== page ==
My flan dismounted out of the can and ended up in a bit of a heap.  The top had a nice caramel color and emitted a sweet orange scent.  The flan was soft but not mushy, something like a firm creme brulee.  I love orange-flavored desserts and I used enough juice for the flavor to be distinct.  Looks aside, I was quite happy with how my first attempt at leche flan came out.  All I have to do now is make it look better so r will eat it.  Right now, he say's he prefers Mita's because her flan it prettier.


Remnants of Lunch

 I was in Kuala Lumpur for work last week and decided to take a few days off for a side trip to Singapore on the way home.  P moved to Sing a few months ago and I was eager to see her and what her new home looked like.  The only other time I had ever been to Singapore was more than 10 years ago when I wasn't very adventurous with food yet.  So aside from visiting P, I was excited about eating my way through the weekend.

R and I took the last flight out of KL and settled into P's condo at around 9pm and were quite hungry by then.  So hungry that we forgot to take photos of an absolutely delicious dinner at Boon Tong Kee of steamed chicken, tofu in hotpot, imperial pork and chicken rice.  I'll be back there someday if only to take photos to properly document and share the experience (excuses, excuses).  

We did a little better the next day, remembering to take out the camera before completely polishing off the dimsum at Yum Cha in Chinatown.  P calls it a hole-in-the-wall but the nearly SG$20/person that it came out to didn't strike us as so.  In any case, we loved it  for its wide selection of delicious dimsum --- over 70 according to the website and a relief for me whose options are usually limited by a seafood allergy to chicken feet and spare ribs.  We had everything from the usual steamed spare ribs to mushroom dumplings (chopped mushrooms and vegetables wrapped in glutinous rice similar to a mochi) to siao long bao (siomai with soup inside).  R says that the siao long pao is actually a siopao (given the thicker wrapper than siomai) but is sized and shaped similar to siomai.  We learned from one of our lunchmates of Chinese descent that the proper way of eating it is putting it on a spoon, biting off a little off the top, then sipping the soup through the hole.  Oh, so that's how you DON'T burn your palate with the sudden rush of steaming broth in your mouth (that happens when you pop the whole thing in). You learn something new everyday...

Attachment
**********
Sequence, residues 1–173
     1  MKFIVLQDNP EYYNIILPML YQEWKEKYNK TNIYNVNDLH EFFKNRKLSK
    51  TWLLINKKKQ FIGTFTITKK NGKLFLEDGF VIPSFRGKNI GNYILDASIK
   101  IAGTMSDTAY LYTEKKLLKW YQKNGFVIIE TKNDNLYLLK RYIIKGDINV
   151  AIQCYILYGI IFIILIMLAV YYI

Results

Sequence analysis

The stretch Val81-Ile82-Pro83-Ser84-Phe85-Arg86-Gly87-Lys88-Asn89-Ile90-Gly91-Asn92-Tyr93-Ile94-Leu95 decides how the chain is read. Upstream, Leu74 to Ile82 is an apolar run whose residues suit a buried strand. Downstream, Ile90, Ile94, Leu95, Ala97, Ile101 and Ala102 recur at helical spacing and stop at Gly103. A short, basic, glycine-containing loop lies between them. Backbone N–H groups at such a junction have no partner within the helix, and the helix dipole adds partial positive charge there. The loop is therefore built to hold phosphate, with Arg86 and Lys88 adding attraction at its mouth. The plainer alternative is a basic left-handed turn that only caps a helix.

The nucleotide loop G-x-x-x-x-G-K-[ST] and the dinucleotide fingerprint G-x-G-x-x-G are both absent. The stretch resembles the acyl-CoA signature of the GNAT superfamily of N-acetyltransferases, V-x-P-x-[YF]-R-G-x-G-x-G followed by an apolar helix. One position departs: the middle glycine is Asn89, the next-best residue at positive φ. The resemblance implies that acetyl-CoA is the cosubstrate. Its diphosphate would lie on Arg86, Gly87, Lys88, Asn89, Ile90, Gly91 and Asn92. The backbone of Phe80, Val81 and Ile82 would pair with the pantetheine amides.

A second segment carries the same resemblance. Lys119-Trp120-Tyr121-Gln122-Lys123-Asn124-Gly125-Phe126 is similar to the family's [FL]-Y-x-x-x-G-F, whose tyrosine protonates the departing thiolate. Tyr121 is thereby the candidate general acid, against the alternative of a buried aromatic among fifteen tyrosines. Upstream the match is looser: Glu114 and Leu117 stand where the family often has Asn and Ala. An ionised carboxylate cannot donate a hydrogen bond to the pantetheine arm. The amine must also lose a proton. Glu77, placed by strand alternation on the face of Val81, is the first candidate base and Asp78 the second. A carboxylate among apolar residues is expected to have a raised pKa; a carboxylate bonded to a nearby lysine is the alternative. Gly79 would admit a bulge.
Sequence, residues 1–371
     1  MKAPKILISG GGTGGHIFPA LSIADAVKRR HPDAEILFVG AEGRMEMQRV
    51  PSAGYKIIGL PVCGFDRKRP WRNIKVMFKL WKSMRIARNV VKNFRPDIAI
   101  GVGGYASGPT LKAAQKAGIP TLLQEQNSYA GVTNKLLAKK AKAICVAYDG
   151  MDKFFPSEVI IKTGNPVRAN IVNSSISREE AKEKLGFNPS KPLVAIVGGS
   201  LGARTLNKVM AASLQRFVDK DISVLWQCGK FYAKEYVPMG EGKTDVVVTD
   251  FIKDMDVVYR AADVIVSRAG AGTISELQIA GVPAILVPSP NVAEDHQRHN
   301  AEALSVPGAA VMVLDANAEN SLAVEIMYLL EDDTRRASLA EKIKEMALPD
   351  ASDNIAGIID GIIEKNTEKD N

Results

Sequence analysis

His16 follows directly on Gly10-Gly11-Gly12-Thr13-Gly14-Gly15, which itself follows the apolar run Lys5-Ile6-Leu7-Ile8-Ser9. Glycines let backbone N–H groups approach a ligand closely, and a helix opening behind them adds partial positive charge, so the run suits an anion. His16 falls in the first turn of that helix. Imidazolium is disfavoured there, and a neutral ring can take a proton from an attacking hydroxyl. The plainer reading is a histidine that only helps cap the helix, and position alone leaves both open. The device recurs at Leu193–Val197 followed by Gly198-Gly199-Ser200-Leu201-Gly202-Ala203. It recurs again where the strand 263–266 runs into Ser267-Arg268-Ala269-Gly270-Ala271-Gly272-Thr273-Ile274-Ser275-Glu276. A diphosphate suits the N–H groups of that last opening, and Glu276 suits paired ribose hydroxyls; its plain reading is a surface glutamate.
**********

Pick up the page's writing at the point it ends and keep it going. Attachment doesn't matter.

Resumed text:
Other dishes we savored were the Crystal Paper Chicken (wings baked in paper to preserve their moisture and prevent burning) and Mini Egg Tarts.   One of our Thai lunchmates was about to overlook the plain-looking egg tarts because we were already stuffed.  And was she glad for the sudden change of heart!  These egg tarts had a very smooth filing and a wonderfully flaky crust.  A great end to a fantastic meal.  


Thank you, P, for sharing the sumptuous meal with us to celebrate your birthday.

C is for Chendol

 

Or I should say, Chendol for C.  My family likes to travel and eat.  Sometimes, we travel TO eat.  And whenever we can't travel together, we eat for each other.  Vicarious satisfaction if you will.  So on this brief trip to Kuala Lumpur that R and I took, C asked us to have Chendol for her.  Chendol is a Malaysian dessert made with sweetened red beans, black gelatin, syrup, coconut milk, and some gooey, sticky green worms (or at least, what we call worms) made of glutinous rice.  These are served with some finely shaved ice, similar to our native halo-halo.  I am not fond of beans but I had a request to fulfill.  And I am glad I did!  Chendol is apparently an excellent dessert!  The red beans did not have the grainy-ness that I usually associate with beans and the coconut milk melting with the ice gave it a very cool and refreshing flavor.  The slight chewiness of the black gelatin and green "worms" give the dish a nice texture that help you savor the flavors longer.